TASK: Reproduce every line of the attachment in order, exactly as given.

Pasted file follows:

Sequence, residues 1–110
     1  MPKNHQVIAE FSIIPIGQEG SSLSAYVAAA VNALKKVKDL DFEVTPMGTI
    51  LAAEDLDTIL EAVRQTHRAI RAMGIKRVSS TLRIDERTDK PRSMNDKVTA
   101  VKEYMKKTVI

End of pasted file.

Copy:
Sequence, residues 1–110
     1  MPKNHQVIAE FSIIPIGQEG SSLSAYVAAA VNALKKVKDL DFEVTPMGTI
    51  LAAEDLDTIL EAVRQTHRAI RAMGIKRVSS TLRIDERTDK PRSMNDKVTA
   101  VKEYMKKTVI